The five-time US Open champion held off Andy Murray and secured the #2 ranking with a victory in Cincinnati, prepared and in-form Roger Federer should dominate his opponents and cruise into the second week. Leonardo Mayer, his first round opponent, pushed Federer to the brink last fall in Shanghai, falling in three sets, but Mayer is 2-3 this Summer and Federer is in much better form. Marcos Baghdatis, a finalist in Atlanta, also has a h2h win over Federer, but Fed leads the overall h2h 7-1 and both Baghdatis and his round 1 opponent Steve Darcis have recently been injured. Hopefully Federer vs. Baghdatis in round 2 produces some quality tennis. Federer could well face Zverev in round 3, if the youngster beats Kohlschreiber an either Lukas Rosol/Jared Donaldson in round 2. Donaldson has a winnable round 1 match and he’s had success this summer as a young gun American teen, I see Rosol winning in round 1, but an upset isn’t out of the question, and I have Zverev beating Rosol before falling to Federer.
American #1 John Isner had a successful Summer that saw capture the title in Atlanta, reach a final in Washington, and the quarterfinals in Montreal. Now rested, the big server should serve his way past Winston-Salem semifinalist Malek Jaziri,and either J.P. Smith or Mikhail Youzhny. The qualifier Smith is in good form and should reach round 2 but Isner has too much game for either of his first two opponents. In round 3 he’s likely to have a tiebreak fest against Ivo Karlovic. Dr. Ivo should see himself past Federico Delbonis and Jiri Vesely in his first two matches, presuming Vesely dispatches veteran clay courter Paolo Lorenzi. Karlovic leads the h2h 3-2 with Isner but at the US Open I give an in-form Isner the edge.
#6 Tomas Berdych has cooled off from his hot start in the spring but the Cincinnati quarterfinalist should hammer past USTA wild card Bjorn Fratangelo, who has had a solid run in challengers but has yet to translate that to the main tour level and is simply at several levels below top 10 players like Berdych. I also see Berdych powering past Denis Kudla, presuming Kudla beats veteran qualifier Jurgen Melzer in round 1. Kudla has had a career year this season and reached the semifinals in Atlanta, but Berdych should have too much power for him presuming his consistency doesn’t fail. Berdych has little chance against the big four right now, but he’s solid enough to make the second week and beat Kudla at the 2013 US Open.
American Sam Querrey has an excellent shot at reaching the third round and posting a positive result on home soil. He’ll open with veteran serve and volleyer Nicolas Mahut and then face the winner of Janko Tipsarevic/Guillermo Garcia-Lopez. Both veterans have been in poor form this Summer as they try to recover from injuries, and Querrey is the favorite to reach the third round, but fall to Berdych at that stage.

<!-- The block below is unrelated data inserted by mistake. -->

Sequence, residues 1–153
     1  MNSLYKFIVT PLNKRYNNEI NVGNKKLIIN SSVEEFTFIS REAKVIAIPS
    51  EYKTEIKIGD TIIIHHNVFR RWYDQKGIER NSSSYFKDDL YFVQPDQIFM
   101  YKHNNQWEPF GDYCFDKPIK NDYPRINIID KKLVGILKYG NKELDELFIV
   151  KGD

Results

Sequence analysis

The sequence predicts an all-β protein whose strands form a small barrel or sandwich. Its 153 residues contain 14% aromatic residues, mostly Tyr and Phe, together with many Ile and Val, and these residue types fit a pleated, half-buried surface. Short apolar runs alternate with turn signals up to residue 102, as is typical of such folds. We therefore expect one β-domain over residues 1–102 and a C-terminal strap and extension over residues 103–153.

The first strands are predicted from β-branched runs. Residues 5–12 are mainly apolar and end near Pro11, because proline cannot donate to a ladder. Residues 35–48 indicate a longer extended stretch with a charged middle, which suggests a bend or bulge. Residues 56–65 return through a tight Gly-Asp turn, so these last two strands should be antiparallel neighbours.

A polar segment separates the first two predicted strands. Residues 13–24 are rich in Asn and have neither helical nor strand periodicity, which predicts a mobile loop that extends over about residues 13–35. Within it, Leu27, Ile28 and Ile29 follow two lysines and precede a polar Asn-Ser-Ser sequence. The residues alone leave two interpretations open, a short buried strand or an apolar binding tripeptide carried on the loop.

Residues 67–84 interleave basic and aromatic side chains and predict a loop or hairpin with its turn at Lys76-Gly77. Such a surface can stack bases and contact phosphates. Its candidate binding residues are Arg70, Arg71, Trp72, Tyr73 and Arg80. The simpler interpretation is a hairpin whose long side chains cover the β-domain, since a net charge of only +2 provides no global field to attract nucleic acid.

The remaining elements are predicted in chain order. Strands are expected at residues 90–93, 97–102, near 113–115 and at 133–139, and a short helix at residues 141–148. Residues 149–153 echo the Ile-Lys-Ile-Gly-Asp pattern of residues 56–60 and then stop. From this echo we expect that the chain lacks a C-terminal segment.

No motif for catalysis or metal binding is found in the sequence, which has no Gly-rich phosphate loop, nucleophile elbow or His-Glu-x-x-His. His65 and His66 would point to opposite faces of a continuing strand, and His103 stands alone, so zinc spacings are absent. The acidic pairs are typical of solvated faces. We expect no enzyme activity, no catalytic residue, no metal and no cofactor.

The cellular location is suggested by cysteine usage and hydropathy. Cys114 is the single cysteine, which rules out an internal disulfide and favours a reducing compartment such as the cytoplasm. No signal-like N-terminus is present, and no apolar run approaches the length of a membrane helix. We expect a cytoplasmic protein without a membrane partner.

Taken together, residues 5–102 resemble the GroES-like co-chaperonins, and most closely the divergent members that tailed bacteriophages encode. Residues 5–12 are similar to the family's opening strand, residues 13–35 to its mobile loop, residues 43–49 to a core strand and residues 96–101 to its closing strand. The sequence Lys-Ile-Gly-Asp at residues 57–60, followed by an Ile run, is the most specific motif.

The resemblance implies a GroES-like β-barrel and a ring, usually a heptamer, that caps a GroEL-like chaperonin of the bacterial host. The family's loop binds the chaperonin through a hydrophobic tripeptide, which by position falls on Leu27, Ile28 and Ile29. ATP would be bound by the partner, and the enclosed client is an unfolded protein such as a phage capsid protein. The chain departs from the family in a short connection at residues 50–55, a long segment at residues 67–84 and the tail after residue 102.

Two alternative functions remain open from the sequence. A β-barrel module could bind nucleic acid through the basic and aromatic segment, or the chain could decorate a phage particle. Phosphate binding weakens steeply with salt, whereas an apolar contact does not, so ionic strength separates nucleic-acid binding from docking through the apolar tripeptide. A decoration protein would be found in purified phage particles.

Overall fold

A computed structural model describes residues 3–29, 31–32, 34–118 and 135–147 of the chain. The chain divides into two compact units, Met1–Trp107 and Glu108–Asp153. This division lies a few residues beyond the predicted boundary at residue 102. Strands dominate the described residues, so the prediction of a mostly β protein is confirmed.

Gasquet/Kokkinakis, likely Gasquet, should get past Dustin Brown/Robin Haase in round 2, neither player is in good form though the highlight worthy Brown has more upside if he catches fire. Gasquet is another player with a favorable draw that should see him into the second week, #24 seed and Bogota champion Bernard Tomic is likely to be his toughest opponent in that path. Tomic opens with undersized baseliner Damir Dzumhur, a 23 year old Bosnian in poor form, and then should move past the retiring Lleyton Hewitt, who is playing his final US Open. Tomic is inconsistent, but superior to either his veteran countryman Hewitt, or Aleksandr Nedovyesov, Hewitt’s round 1 opponent. The 2001 US Open champion will be sorely missed after he plays his final match. Gasquet is 5-1 against Tomic in the h2h and in better form.
Dark Horses (one for each quarter of the draw): Borna Coric, Alexandr Dolgopolov, Gilles Muller, Thanasi Kokkinakis
If the talented Coric can beat Rafa twice in two years, he’ll have a path that that could see him reach the second week, and possibly as far as the quarterfinals. It’s a tough ask for a young player, but Coric is quite confident in himself and has the varied power game that can produce results. He beat Andy Murray this year as well.
I have the streaky Dolgopolov reaching the fourth round, and he could also go as far as the quarters, he’s not seeded but he has the talent to be, and if Nishikori slips up he should take advantage. The Ukrainian speedster is a deceptive shotmaker and demonstrated his peak abilities when he reached the Cincy semis and took a set off of Novak Djokovic. Like Coric, he’s proven the ability to challenge the game’s best.